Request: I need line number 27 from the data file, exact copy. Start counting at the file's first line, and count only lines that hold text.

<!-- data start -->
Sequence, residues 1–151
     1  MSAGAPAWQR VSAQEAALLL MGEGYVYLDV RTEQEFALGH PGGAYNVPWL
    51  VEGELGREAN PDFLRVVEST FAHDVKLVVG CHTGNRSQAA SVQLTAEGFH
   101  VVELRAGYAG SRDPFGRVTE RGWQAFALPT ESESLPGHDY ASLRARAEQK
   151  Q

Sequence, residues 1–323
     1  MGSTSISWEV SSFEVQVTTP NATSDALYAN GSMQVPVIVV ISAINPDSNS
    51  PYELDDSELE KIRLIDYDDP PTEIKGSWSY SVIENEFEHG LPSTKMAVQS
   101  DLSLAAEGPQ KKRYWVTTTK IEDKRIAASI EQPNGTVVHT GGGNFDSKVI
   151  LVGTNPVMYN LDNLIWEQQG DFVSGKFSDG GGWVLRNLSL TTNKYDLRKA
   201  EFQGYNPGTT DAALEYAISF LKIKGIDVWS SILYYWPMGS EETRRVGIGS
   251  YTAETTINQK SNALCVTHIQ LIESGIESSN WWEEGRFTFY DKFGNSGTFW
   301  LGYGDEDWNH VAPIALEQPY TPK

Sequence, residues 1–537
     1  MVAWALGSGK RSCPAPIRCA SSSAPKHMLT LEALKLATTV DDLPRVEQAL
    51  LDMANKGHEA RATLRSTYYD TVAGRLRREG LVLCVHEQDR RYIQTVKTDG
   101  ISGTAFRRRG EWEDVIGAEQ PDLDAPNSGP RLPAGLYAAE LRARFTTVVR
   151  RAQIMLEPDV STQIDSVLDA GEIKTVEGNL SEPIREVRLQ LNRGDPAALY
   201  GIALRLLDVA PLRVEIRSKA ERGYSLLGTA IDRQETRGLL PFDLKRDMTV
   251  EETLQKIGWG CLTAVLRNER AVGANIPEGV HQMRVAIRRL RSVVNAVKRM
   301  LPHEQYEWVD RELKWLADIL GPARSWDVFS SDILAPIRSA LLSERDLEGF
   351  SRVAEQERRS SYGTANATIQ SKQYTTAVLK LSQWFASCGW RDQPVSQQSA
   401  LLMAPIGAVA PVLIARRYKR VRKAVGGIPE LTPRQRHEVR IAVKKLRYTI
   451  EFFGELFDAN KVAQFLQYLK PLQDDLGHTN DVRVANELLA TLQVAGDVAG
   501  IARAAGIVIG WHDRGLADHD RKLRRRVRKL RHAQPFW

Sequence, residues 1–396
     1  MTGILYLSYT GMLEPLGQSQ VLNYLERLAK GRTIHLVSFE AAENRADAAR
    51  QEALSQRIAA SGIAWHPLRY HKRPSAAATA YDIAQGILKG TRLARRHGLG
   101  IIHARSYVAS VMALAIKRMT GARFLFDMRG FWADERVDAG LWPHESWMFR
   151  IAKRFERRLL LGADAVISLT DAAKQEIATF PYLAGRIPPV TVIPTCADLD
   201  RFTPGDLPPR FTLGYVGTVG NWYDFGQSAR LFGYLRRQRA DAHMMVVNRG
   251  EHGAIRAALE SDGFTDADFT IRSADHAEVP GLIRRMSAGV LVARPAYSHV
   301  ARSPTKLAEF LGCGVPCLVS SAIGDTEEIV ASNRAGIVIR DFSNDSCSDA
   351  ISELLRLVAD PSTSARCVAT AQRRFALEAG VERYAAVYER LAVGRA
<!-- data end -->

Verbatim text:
     1  MTGILYLSYT GMLEPLGQSQ VLNYLERLAK GRTIHLVSFE AAENRADAAR